I can't think of any and google has not been helpful.
Voiceless vowels are quite possible, and occur in one way or another in many languages.
After all, all vowels and all consonants that are whispered are ipso facto voiceless.
Whisper [a] and you have pronounced a voiceless vowel.
However, the overwhelming majority of vowel sounds in speech are voiced, since vowel formants are modifications of a voiced airstream from the larynx. Exceptions to this rule fall into a number of categories.
- in some languages, like Japanese, some vowels become voiceless in some environments
(in Japanese, high vowels /i/ and /u/ are devoiced between voiceless consonants)
- in some languages, like English, voiceless vowels are allophones of a consonant phoneme
(English /h/ is a voiceless vocal onset, a voiceless version of whatever vowel it precedes)
- in some languages (Acehnese, for instance) some vowel phonemes are contrastively voiceless
(this is quite rare, however -- most voiceless vowels are conditioned rather than contrastive.)
Yes, it's technically possible, but I think you'd only consider it as an allophone, otherwise, the better transcription might be /h/. Wikipedia lists one example in English as potato, where the first o is not vocalized, but otherwise the mouth is in the same position and there is air flowing. (IPA transcriptions use a ring for devoicing).
Japanese seems to the more common language for it with their u vowel, but thinking about, European Portuguese might well do it where traditionally transcriptions will normally list them as elided.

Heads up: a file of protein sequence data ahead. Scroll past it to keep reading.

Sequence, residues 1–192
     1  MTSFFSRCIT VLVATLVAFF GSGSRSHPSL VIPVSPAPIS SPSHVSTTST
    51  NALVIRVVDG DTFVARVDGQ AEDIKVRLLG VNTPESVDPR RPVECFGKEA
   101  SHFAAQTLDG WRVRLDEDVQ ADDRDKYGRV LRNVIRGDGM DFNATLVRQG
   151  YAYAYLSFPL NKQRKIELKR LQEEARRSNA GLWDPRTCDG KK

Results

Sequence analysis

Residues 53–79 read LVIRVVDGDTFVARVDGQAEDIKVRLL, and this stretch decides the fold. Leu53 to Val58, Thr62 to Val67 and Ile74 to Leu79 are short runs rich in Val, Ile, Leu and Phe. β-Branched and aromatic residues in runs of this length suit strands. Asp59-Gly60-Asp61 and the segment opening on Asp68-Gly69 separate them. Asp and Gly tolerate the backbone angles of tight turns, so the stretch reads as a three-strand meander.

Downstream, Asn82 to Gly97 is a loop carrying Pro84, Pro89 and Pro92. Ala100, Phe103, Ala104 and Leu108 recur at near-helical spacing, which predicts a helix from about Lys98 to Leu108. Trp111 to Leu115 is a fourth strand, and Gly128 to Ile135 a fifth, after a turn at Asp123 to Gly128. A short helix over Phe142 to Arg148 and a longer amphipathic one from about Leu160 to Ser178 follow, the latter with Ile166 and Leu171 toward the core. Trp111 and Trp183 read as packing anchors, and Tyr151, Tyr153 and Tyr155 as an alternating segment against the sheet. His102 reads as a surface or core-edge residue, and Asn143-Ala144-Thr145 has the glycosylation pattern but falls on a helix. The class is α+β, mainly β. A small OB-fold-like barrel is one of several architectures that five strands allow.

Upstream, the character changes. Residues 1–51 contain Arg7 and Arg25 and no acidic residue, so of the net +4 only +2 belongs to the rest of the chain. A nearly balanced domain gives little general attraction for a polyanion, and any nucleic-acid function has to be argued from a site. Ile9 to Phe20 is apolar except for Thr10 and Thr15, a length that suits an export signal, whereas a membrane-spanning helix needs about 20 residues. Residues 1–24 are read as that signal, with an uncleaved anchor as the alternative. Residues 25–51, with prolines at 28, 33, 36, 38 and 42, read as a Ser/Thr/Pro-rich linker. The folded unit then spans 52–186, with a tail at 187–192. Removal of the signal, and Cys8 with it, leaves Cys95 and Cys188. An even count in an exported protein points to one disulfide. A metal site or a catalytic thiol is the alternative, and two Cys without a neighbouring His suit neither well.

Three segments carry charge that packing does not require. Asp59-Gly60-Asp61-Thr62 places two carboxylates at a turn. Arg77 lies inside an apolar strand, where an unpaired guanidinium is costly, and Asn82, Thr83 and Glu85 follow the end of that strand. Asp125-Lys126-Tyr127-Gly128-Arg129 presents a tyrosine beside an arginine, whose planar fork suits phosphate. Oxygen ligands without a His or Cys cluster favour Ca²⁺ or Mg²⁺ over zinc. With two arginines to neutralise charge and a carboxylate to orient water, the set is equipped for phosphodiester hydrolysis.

For an academic citation, here's an article on devoiced vowels in English and German: "Vowel devoicing/deletion in English and German", by Jonathan E. J. Rodgers.
To add to John Lawler's answer (since I can't comment): Shuar (a Jivaroan, or Chicham, language of Ecuador) has (or did have a few decades ago) voiceless vowels in certain positions. I'll quote from Glen Turner's 1957 IU dissertation: "In a contour [= phrase] final open syllable, a single, unstressed, oral vowel following a consonant cluster of nasal plus homorganic stop or affricate or following any single consonant other than /w/ or /y/ may be unvoiced if it is also preceded by 2 or more vowels in the same word... When followed by a morpheme or another word (i.e. contour medial), voiceless vowels may be come voiced, lost, or remain present but unvoiced..." This word-final position was post-consonantal, so it would be odd to consider it to be an /h/.
FWIW, in English I usually pronounce 'Mississippi' with a voiceless vowel in the second syllable. Again, given the position, it would be odd to consider this to be an /h/. Otoh, it is more or less indistinguishable from lengthening the 's' (that is, merging the first 'ss' with the second).